Rationale: Current diagnostic criteria for bronchopulmonary dysplasia rely heavily on the level and duration of oxygen therapy, do not reflect contemporary neonatal care, and do not adequately predict childhood morbidity. Objectives: To determine which of 18 prespecified, revised definitions of bronchopulmonary dysplasia that variably define disease severity according to the level of respiratory support and supplemental oxygen administered at 36 weeks' postmenstrual age best predicts death or serious respiratory morbidity through 18-26 months' corrected age. Methods: We assessed infants born at less than 32 weeks of gestation between 2011 and 2015 at 18 centers of the Eunice Kennedy Shriver National Institute of Child Health and Human Development Neonatal Research Network. Measurements and Main Results: Of 2,677 infants, 683 (26%) died or developed serious respiratory morbidity. The diagnostic criteria that best predicted this outcome defined bronchopulmonary dysplasia according to treatment with the following support at 36 weeks' postmenstrual age, regardless of prior or current oxygen therapy: no bronchopulmonary dysplasia, no support ( n = 773); grade 1, nasal cannula ≤2 L/min ( n = 1,038); grade 2, nasal cannula >2 L/min or noninvasive positive airway pressure ( n = 617); and grade 3, invasive mechanical ventilation ( n = 249). These criteria correctly predicted death or serious respiratory morbidity in 81% of study infants. Rates of this outcome increased stepwise from 10% among infants without bronchopulmonary dysplasia to 77% among those with grade 3 disease. A similar gradient (33-79%) was observed for death or neurodevelopmental impairment. Conclusions: The definition of bronchopulmonary dysplasia that best predicted early childhood morbidity categorized disease severity according to the mode of respiratory support administered at 36 weeks' postmenstrual age, regardless of supplemental oxygen use.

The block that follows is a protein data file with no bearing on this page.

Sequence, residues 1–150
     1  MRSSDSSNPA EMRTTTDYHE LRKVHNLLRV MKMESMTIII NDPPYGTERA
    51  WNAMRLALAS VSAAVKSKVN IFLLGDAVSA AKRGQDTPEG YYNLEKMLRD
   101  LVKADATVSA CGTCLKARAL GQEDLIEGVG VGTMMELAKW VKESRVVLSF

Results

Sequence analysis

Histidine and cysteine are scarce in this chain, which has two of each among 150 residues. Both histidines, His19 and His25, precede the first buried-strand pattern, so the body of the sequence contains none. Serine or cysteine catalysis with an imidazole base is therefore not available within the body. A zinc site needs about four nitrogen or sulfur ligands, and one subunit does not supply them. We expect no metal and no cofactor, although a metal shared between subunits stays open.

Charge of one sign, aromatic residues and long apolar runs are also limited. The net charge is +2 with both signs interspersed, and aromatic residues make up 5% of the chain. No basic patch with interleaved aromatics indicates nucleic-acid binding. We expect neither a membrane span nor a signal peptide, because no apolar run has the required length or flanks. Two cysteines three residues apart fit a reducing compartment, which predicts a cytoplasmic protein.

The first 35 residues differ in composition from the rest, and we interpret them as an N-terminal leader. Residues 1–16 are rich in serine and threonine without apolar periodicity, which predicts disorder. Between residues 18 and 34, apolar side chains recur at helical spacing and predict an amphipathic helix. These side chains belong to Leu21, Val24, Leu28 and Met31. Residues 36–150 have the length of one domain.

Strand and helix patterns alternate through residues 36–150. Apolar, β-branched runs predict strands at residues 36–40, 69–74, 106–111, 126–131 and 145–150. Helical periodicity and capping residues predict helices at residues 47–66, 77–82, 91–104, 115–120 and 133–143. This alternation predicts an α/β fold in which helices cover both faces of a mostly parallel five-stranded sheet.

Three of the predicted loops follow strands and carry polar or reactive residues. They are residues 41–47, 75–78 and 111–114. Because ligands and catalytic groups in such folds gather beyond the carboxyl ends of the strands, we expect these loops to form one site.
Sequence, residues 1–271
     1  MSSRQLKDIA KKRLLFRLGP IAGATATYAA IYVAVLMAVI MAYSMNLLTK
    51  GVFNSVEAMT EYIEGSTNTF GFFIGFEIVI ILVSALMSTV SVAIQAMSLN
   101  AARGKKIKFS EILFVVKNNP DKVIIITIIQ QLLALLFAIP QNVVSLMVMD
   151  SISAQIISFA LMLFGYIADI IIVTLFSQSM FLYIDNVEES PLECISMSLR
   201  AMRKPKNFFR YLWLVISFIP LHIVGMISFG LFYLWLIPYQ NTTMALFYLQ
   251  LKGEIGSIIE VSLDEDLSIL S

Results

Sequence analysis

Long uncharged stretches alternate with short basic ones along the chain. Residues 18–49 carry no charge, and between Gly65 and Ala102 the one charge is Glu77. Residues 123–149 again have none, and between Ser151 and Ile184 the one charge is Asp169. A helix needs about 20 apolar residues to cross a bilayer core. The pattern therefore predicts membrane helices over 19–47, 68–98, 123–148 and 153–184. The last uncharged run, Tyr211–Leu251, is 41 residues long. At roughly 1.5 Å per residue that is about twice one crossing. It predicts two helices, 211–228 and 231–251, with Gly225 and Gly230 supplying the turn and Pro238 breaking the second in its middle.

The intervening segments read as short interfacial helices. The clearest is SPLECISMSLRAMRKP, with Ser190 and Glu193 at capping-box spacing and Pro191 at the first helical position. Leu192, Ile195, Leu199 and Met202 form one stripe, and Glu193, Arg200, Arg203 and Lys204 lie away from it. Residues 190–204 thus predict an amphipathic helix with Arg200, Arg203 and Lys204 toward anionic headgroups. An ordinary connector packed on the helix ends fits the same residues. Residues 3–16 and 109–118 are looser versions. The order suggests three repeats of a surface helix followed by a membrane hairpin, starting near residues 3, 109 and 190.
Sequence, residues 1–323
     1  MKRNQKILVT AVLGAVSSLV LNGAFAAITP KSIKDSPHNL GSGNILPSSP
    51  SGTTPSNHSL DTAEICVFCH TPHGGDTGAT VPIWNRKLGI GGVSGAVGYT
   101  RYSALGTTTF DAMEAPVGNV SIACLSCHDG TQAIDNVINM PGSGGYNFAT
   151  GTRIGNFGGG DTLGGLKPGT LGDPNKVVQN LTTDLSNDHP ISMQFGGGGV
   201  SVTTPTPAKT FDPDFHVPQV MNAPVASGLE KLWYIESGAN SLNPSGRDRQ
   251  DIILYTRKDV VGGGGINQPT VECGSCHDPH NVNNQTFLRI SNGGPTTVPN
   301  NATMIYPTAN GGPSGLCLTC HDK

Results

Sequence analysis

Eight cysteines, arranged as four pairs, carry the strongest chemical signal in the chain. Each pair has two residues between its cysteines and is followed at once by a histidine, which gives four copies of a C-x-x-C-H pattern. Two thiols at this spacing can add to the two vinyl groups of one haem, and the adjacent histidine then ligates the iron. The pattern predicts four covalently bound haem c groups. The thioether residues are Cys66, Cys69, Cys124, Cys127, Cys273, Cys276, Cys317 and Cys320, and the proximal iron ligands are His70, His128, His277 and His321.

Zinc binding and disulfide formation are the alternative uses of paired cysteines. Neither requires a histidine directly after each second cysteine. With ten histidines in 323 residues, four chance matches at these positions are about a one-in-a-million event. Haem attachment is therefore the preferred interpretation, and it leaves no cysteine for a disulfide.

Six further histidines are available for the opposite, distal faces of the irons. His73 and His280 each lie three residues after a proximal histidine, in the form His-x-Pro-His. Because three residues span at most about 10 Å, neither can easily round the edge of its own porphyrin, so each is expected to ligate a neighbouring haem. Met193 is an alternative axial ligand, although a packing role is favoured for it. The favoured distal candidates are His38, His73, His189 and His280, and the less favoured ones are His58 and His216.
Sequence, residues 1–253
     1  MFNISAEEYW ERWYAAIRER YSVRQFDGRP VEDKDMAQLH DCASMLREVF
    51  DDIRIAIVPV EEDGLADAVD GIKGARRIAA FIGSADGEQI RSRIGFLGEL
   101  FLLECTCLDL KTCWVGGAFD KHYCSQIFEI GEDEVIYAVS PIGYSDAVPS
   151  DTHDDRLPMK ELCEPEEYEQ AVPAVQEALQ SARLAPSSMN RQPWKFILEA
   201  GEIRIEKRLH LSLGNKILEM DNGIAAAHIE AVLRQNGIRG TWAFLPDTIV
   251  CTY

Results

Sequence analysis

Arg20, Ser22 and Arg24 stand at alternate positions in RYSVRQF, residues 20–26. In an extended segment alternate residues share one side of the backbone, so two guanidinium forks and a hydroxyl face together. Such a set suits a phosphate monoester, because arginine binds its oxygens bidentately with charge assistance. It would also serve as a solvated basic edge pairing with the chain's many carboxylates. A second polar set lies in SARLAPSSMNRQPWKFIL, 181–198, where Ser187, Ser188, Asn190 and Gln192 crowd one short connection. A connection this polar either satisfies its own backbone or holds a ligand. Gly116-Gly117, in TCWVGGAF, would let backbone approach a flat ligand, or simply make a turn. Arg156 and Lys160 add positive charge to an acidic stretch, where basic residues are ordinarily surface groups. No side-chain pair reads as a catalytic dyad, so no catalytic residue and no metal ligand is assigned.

The diagnosis of bronchopulmonary dysplasia in very preterm infants
An evidence-based approach
Jensen, E. A., Dysart, K., Gantz, M. G., McDonald, S., Bamat, N. A., Keszler, M., Kirpalani, H., Laughon, M. M., Poindexter, B. B., Duncan, A. F., Yoder, B. A., Eichenwald, E., DeMauro, S. B., & Eunice Kennedy Shriver National Institute of Child Health and Human Development Neonatal Research Network (2019). The diagnosis of bronchopulmonary dysplasia in very preterm infants: An evidence-based approach. American Journal of Respiratory and Critical Care Medicine, 200(6), 751-759. https://doi.org/10.1164/rccm.201812-2348OC